Chapter

To Inherit: The Birth of Possible Worlds

in The Indiscrete Image

Published by University of Chicago Press

Published in print November 2008 | ISBN: 9780226093154
Published online March 2013 | e-ISBN: 9780226093178 | DOI: http://dx.doi.org/10.7208/chicago/9780226093178.003.0010
To Inherit: The Birth of Possible Worlds

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This chapter engages one of the more insightful and far-reaching among recent challenges to “the posthuman”—that of Robert Harrison's Dominion of the Dead (2003)—in order to argue that the worldly conditions of human placement and heritage, on which Harrison focuses in his dismissal of the posthuman, prove in fact to require just the sort of prosthetic and distributed networks, and hence the resistance to discrete placement, that condition the technological human in recent posthuman discourse. Returning to the “neotenic” character of the human sketched out in Chapter 1, it emphasizes that a key condition of human inheritance proves to be the indeterminate, or indiscrete, character of the human who can, and must, assume creative, technological capacity—and hence the capacity for sociality over time—thanks to, and because of, that very indetermination or indiscretion.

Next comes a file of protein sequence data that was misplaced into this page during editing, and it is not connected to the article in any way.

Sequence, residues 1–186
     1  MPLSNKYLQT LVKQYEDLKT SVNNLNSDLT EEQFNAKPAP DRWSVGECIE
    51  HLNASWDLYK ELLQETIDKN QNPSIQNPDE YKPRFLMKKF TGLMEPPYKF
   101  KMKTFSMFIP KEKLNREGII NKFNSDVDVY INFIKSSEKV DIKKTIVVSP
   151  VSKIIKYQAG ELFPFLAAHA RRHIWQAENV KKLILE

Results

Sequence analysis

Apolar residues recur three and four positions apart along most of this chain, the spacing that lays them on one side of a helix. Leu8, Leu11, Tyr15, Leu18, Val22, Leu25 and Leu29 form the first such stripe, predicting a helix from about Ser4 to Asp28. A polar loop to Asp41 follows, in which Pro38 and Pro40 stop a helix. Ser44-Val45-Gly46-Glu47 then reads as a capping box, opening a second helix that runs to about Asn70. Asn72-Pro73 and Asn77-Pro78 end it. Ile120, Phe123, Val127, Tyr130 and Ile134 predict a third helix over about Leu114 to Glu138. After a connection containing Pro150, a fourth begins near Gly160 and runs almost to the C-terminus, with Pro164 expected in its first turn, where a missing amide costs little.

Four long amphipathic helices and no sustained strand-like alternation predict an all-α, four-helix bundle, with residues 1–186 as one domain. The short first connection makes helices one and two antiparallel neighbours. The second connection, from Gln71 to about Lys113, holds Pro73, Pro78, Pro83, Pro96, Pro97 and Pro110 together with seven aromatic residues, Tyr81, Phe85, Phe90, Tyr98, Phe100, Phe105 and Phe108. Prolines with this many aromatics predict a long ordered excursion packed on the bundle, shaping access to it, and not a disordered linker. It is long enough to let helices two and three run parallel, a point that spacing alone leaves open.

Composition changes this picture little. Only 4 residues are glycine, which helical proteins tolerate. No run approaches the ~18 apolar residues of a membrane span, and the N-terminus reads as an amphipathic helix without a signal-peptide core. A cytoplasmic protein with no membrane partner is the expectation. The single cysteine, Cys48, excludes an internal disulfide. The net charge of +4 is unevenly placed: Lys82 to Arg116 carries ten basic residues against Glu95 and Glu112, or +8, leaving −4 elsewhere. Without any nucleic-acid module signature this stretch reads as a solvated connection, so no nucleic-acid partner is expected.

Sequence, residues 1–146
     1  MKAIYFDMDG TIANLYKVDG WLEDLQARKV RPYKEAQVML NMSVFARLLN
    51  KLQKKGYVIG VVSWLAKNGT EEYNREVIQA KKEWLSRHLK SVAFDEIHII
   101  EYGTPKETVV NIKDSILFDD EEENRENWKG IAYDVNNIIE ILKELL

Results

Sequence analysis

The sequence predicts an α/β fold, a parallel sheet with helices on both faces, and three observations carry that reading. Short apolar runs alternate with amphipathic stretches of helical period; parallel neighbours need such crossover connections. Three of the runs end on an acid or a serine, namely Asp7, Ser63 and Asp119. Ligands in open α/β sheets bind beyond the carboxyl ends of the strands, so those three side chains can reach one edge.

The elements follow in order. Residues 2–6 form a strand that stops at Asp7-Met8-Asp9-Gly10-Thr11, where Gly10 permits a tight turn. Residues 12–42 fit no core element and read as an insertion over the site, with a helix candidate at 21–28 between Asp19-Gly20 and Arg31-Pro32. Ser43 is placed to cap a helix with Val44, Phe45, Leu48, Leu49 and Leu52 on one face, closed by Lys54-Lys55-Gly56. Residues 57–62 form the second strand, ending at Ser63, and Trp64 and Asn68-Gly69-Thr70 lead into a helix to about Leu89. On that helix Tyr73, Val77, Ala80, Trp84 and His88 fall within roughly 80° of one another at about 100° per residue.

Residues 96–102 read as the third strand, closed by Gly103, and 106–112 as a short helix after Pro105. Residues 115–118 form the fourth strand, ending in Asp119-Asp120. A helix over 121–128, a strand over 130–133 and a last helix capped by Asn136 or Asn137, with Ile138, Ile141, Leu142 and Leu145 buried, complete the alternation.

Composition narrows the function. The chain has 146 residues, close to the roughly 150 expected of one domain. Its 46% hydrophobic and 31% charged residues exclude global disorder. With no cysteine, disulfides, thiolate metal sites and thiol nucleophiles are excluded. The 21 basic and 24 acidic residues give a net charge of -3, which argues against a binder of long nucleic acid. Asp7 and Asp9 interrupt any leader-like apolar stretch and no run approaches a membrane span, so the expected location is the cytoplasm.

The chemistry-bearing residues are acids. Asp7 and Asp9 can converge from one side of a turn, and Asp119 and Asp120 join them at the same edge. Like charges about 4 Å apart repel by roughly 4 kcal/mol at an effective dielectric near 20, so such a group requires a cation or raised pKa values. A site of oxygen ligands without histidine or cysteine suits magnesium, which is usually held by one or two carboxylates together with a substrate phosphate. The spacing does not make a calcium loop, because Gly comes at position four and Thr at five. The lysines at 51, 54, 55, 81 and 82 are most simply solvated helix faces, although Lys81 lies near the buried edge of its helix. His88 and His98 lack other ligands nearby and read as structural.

Keywords: posthuman; Robert Harrison; Dominion of the Dead; human placement; discrete placement; technological capacity; sociality; indiscretion

Chapter.  9878 words. 

Subjects: Philosophy of Religion

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